Personal Habits In Relation To Marriage
( Originally Published 1918 )
WHILE there is a growing willingness in this country to accept the conclusions of science to the harmfulness of alcoholic stimulation, there seems to be growing also a complete unwilingness to accept the same judgment in regard to th euse of tobacco.
It is not strange that, with woman's increasing freedom, there should come a greater reluctance to limit her actions by what has hitherto been considered "proper" or "improper" for her. She feels that she is a human being and, if it is right for a masculine human being to indulge in this habit, it is equally right for his feminine counter-part to do the same. In this position she is fundamentally correct. If it were right for man to allow himself this form of self-indulgence, it would be equally right for her.
Viewed from the standpoint of the effect of this habit upon his own constitution and upon the inheritance of his children, however, it is not right for him. Therefore, it cannot be considered right for her. Moreover, she is responsible not only for the inheritance of her children, but for the conditions under which they pass the nine months of their prenatal life; also, when she per-forms the mother's full function, she is responsible for the condition of the food received by the child during the first nine months of its separate existence. Therefore, as her responsibility is greater, so is her duty in this matter greater.
One of the arguments which should have the greatest weight with men in considering this question is the fact that tobacco-using is a very common cause of impotence. The effect of this poison is not so immediate as that of some others, but, in the long run, it has a most depressing effect upon the procreative function. So well is this understood by the medical profession that it is used definitely for the purpose of allaying the sexual desire. The man who prizes his virility, therefore, will not allow himself to form a habit which will bring to his system the inevitable destructive effect of this alkaloid poison.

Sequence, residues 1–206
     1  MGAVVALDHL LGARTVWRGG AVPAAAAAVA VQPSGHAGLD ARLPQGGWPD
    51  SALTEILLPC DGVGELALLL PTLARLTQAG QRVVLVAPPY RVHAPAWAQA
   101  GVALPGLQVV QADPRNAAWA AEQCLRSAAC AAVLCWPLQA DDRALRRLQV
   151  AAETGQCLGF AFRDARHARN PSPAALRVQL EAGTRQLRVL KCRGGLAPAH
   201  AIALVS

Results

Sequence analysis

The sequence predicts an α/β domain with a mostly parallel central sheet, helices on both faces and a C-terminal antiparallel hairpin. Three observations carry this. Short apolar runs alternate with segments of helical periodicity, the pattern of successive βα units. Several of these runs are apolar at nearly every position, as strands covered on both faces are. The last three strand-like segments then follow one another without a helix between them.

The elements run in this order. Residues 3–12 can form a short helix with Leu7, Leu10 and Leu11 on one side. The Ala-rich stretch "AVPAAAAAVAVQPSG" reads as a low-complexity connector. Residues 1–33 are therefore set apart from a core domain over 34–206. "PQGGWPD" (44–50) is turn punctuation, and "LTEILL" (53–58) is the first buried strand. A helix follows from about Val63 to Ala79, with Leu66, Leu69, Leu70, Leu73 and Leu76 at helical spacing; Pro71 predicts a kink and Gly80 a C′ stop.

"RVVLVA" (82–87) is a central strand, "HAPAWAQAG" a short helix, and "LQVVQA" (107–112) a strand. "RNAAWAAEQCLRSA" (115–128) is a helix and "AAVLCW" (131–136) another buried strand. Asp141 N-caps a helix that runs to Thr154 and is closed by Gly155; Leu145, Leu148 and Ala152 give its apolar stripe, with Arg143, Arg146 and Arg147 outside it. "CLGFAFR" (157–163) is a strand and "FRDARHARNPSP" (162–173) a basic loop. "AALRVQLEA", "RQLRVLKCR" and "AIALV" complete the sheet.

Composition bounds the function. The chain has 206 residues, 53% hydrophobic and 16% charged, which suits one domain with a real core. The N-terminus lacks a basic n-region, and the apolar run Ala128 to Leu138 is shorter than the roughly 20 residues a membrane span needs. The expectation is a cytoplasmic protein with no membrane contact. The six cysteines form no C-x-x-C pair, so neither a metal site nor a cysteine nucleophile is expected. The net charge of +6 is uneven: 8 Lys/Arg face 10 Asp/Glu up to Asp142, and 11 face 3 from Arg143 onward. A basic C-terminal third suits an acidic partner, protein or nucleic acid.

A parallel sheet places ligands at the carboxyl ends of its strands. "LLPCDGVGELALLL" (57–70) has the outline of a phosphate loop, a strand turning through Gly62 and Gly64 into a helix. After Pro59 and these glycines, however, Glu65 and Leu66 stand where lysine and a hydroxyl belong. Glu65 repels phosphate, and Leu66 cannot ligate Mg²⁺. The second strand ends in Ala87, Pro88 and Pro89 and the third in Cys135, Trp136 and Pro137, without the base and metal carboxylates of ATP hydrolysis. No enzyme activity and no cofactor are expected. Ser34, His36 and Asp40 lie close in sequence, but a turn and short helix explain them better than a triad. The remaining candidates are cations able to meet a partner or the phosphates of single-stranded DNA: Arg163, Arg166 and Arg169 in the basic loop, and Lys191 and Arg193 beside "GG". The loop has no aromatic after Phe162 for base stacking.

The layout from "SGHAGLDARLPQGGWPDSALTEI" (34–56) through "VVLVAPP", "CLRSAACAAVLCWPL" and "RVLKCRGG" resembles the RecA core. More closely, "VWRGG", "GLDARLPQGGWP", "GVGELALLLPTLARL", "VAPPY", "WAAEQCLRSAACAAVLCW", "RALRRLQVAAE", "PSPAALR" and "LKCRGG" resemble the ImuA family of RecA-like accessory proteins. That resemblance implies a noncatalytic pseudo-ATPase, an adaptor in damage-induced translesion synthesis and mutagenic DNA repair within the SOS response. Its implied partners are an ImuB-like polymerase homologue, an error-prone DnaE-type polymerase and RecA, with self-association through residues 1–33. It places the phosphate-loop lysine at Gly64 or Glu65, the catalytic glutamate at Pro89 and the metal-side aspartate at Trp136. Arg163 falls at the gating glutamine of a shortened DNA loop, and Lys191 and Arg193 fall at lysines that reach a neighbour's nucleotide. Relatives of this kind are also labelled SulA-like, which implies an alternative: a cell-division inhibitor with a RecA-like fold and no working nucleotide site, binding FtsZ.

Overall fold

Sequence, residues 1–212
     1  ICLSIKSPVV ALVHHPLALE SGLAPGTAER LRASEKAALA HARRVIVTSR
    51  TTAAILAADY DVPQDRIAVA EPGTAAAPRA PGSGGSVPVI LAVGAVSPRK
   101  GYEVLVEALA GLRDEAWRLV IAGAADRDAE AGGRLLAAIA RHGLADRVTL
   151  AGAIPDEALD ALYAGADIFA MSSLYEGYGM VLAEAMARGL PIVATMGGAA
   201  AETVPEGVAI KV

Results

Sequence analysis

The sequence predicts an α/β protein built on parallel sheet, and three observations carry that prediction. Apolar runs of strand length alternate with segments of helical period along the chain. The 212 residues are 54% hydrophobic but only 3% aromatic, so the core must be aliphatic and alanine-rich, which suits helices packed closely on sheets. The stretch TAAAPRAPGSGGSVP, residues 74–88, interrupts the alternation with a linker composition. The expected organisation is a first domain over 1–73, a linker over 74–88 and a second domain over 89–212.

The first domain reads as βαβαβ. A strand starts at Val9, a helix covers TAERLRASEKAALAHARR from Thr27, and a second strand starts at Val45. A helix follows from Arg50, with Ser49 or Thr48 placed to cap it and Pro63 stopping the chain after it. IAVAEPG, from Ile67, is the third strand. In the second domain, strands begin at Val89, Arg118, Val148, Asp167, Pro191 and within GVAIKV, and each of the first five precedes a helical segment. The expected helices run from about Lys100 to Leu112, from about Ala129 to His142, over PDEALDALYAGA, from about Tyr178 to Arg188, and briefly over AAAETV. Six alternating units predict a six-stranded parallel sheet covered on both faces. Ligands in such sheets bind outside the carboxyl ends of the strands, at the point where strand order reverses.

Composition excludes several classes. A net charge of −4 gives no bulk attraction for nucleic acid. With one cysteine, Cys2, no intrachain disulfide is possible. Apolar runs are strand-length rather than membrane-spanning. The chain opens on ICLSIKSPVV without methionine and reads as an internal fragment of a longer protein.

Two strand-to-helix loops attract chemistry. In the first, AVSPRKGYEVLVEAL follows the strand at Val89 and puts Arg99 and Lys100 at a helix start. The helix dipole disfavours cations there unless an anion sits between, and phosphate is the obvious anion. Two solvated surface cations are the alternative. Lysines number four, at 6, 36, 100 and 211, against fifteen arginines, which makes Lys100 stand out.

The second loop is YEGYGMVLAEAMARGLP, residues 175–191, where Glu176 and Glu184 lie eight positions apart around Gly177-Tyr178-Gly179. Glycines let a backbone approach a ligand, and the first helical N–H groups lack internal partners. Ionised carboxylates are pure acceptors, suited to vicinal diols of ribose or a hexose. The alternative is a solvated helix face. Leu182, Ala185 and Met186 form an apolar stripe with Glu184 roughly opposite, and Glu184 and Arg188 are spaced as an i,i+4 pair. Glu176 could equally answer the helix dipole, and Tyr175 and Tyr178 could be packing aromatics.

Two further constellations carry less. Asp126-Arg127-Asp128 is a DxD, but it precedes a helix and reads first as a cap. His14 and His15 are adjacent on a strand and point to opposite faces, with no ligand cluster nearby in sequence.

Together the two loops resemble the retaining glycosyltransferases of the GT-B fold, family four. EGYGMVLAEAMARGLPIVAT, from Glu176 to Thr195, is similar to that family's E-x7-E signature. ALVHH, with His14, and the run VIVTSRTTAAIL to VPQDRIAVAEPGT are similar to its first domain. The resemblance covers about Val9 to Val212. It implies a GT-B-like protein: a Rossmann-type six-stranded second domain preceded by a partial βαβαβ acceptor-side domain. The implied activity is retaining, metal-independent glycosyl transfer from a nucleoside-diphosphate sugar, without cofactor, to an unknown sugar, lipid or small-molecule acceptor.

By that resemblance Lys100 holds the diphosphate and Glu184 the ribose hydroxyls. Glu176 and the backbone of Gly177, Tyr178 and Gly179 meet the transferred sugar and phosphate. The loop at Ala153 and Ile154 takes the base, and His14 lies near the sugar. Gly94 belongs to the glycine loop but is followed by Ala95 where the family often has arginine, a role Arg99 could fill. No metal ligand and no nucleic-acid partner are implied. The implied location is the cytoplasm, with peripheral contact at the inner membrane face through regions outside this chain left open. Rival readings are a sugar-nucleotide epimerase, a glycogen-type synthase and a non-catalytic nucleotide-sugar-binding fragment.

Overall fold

It would not be fair for us to consider simply those poisons which men are most apt to take into their systems, and neglect the ones which women are most inclined to indulge in.
Tea and coffee are not ordinarily considered poisons, yet their effect is unquestionably poisonous. It is only recently that the morbid effects of these beverages have been sufficiently well studied to secure the recognition of the fact that they produce a distinct class of such symptoms.
Says Dr. B. W. Richardson : "The symptoms which indicate the injurious action of this form of drink (tea) are sufficiently characteristic. They are intensely severe headaches, constipation of the bowels with what is usually considered to be deficiency of bilious secretion, flatulency, unsteadiness and feebleness of muscular power, and not infrequently a lowness of spirit amounting to hypochondriacal despondency. In poverty-stricken districts amongst the women who take tea at every meal, this extremely nervous semi-hysterical condition from the action of tea is universal. The flatulency induced by tea taken late in the evening, has the effect of interfering with the processes of sleep, it prevents or disturbs sleep by dreams and muscular startings, and is a common cause of that peculiarly painful symptom known as nightmare. Coffee, like tea, induces dyspepsia, and perhaps with even more activity than tea it keeps the brain awake when that wearied organ ought, according to nature, to be asleep."
I have suggested elsewhere that the drinking of tea and coffee in unlimited quantities on the part of women probably has a great deal to do with the prevalence of what is called frigidity in women, due to the health-destroying effect of theine or caffein, either of which must have an effect upon the reproductive system, as have other drugs.
The use of bromides must also be condemned. It is undisputed that they are sexually depressing. They paralyze and destroy the sex function. The safest plan is not only to avoid the more powerful drugs and poisons, but to steer clear even of the milder stimulants and narcotics.